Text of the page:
Increase proportions of PP reaching and exceeding expected standards and making positive progress
  • Feedback / marking – continue to refine processes and ensure systems are embedded through staff training sessions
  • Our own evidence of the effectiveness of changes to the marking and feedback policy. EEF – Feedback study – high impact. Book scrutiny

    Staff / pupil discussions
    Staff meeting time
    Lesson observations

    SLT Termly £1,000
  • Use of focused pupil progress meetings to raise staff awareness of the progress of individual children and to identify key targets for the next term
  • High quality pupil progress meetings have enabled leaders to engage with staff members and identify the specific gaps in children’s learning and development. Targets
    Children’s books

    Assessment information

    SLT Termly £5,400
    Children will show high levels of engagement with reading and will access an increasing amount of quality reading materials in school and at home
  • Focus on developing reading in school Purchase of class texts
  • Development of library and reading scheme books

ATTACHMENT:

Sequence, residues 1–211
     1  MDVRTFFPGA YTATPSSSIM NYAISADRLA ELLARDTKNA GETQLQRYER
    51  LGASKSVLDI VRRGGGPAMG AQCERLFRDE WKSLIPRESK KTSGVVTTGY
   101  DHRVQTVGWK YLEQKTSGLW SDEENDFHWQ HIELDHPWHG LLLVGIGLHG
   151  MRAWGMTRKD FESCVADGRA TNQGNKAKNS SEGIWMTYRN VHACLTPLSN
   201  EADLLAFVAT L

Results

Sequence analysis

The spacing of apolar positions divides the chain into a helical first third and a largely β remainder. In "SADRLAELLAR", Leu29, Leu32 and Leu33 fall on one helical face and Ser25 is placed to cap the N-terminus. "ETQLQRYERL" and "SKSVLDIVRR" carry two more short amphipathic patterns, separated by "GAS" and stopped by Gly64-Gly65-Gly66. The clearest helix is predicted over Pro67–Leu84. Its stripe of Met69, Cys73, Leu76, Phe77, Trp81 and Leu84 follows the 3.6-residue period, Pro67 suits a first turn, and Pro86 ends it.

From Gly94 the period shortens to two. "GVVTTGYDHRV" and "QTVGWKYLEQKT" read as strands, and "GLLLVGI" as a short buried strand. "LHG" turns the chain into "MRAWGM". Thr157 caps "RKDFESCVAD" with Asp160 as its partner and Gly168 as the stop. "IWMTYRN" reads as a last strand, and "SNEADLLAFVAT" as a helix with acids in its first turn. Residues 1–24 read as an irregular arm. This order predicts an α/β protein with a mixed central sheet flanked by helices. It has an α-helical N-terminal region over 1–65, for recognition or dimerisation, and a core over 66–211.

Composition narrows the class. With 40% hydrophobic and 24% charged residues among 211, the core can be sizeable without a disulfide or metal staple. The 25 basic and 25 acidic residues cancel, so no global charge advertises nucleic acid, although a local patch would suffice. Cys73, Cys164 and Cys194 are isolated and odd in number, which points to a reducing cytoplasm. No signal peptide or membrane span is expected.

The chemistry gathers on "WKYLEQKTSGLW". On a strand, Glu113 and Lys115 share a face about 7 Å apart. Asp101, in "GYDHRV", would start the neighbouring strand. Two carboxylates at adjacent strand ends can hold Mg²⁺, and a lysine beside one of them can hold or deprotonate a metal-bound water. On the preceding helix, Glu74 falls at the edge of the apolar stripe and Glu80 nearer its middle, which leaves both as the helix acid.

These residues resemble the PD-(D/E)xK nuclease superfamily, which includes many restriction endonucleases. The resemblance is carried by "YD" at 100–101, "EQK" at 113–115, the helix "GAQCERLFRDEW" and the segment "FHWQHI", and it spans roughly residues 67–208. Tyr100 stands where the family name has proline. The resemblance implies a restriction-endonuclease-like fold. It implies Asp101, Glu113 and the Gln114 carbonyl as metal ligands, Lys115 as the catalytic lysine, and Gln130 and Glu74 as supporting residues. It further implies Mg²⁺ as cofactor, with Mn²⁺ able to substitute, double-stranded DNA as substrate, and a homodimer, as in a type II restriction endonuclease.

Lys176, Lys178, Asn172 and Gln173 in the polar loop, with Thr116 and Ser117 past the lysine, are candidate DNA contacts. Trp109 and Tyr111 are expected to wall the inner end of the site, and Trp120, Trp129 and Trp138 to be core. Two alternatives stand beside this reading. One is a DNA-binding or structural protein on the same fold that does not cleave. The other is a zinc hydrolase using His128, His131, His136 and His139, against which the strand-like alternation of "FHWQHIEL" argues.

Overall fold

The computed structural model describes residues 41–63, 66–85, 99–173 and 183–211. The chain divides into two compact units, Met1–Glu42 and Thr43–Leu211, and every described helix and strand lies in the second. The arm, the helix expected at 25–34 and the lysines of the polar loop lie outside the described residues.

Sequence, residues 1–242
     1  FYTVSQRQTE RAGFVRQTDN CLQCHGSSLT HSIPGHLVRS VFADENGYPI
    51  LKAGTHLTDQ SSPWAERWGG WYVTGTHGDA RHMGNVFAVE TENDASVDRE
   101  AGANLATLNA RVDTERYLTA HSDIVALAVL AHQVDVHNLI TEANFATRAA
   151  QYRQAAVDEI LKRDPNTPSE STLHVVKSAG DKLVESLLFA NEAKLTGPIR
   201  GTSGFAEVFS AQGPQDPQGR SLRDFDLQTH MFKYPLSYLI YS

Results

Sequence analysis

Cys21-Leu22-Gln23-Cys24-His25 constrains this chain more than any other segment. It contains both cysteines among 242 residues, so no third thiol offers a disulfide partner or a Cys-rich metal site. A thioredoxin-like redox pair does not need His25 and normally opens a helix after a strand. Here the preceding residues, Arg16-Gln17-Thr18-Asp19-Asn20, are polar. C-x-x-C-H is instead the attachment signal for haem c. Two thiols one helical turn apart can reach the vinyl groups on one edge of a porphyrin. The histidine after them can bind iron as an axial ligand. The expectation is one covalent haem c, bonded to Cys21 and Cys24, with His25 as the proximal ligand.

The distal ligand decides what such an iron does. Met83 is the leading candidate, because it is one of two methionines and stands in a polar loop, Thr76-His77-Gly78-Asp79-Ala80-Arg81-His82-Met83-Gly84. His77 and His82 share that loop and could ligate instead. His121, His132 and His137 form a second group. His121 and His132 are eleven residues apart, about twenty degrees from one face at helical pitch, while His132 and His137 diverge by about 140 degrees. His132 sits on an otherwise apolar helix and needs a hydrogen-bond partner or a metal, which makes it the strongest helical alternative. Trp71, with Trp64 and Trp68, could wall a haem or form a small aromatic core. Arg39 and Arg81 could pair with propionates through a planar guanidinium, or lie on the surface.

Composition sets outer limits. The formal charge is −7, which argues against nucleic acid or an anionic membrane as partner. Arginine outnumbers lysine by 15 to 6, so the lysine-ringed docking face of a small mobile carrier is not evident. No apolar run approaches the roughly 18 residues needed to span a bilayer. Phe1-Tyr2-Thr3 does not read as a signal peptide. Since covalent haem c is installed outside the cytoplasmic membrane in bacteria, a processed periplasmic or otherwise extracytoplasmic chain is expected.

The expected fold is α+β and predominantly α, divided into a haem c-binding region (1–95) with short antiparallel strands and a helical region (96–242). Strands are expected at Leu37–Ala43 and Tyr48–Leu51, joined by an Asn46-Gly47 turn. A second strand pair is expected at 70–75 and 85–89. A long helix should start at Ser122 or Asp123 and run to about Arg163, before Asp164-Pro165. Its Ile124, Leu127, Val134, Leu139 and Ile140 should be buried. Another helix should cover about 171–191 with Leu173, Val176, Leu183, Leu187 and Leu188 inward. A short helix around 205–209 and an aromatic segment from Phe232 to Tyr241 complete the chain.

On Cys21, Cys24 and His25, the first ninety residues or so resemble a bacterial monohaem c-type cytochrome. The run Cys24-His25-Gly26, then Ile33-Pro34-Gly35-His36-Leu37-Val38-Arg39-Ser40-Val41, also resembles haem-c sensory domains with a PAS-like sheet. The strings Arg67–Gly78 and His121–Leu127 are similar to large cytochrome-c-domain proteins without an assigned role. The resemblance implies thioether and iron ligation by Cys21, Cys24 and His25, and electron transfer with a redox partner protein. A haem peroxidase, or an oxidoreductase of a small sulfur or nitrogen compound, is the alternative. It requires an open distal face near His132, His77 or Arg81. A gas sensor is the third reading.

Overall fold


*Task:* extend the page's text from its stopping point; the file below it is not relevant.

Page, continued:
• Reading engagement sessions / book challenges
  • Library links to be established
  • Reading tracking
  • DHT/Yr 2 teacher to access training to enhance the teaching of reading within school
  • In our experience, children who are engaged and successful readers are able to bring a wider vocabulary into their writing.
  • Evidence of PP children engaging with reading
  • Assessment information including reading book progression
  • Evidence of expanded vocabulary, both orally and in written work
  • Improved reading resilience
  • SLT Termly £2,000
    Children are supported to develop strong basic skills including good number knowledge to support fluency, accurate use of speech and grammar, developing vocabulary and improving spelling
  • Grammar training for staff (staff meetings)
  • Introduction of Family Learning sessions for parents both in EYFS and Yr1-6 subject areas
  • Spelling focus – use of effective approach in Yr 5/6 to be rolled out across school & related staff development
  • Timetabling to ensure focus on spelling
  • Monitoring of impact